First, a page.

Death penalty backers now urge its end

Reader Input
-A +A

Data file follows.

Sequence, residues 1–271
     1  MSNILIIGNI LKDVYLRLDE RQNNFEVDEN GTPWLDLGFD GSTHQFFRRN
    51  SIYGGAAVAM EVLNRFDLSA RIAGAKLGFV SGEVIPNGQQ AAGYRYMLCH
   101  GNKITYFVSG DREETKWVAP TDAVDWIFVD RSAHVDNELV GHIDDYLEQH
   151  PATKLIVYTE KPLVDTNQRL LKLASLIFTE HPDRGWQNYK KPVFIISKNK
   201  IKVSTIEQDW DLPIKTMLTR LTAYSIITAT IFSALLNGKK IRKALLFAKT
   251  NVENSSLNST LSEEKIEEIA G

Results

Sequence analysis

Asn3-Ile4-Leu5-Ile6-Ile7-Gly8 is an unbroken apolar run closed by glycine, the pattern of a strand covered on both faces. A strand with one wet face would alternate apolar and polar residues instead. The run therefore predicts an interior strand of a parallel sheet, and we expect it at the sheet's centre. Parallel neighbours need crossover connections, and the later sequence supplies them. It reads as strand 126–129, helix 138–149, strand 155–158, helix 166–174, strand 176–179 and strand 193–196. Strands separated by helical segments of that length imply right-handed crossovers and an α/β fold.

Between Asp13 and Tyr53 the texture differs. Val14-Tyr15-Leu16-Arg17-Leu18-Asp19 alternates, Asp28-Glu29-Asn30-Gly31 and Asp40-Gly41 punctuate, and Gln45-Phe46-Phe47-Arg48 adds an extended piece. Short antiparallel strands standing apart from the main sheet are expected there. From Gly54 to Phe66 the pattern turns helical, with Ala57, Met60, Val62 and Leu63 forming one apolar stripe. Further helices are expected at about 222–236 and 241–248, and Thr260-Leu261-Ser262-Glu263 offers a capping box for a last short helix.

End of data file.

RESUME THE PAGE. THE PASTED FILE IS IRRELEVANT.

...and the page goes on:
Judge (Donald) McCartin of the Orange County Superior Court sentenced nine California men to death. He firmly believed in the death penalty and did everything he could to assure error-free trials. He was a very smart and colorful judge. He described himself as being to the right of Attila the Hun. Not a single one of those nine people has yet been executed and three of the death verdicts have been reversed by the federal courts. Ron Briggs is a two-term supervisor in El Dorado County. He and his dad, State Senator John Briggs, secured the Passage of Proposition 7 in 1978 that enacted our current death penalty law. Donald Heller is a Sacramento attorney. The Briggs family asked him to write a very strong and attack-proof death penalty law that became Proposition 7. He proclaims to this day that he succeeded and no attack on his law has been successful. Jeanne Woodford wanted a law enforcement career after she graduated from college in 1978. She eventually became warden at San Quentin and carried out four executions. All four of these people firmly believed in the death penalty. All four of them have since called for its abolition in California. Judge McCartin recently died but in 1993 he said that the death penalty will not work in California and needs to be abolished. He wrote Gov. Brown in 2010 and again urged abolition. Ron Briggs, Donald Heller and Jeanne Woodford are now actively involved in urging Californians to vote Yes on Proposition 34 to change our death penalty to Life Without Parole and use some of the money saved to enhance the apprehension of those who commit murder and rape. These people are not bleeding heart liberals. They all played a very active role in enacting the death penalty. Their opinions deserve your attention. Vote Yes on Proposition 34. Paul Comiskey, Newcastle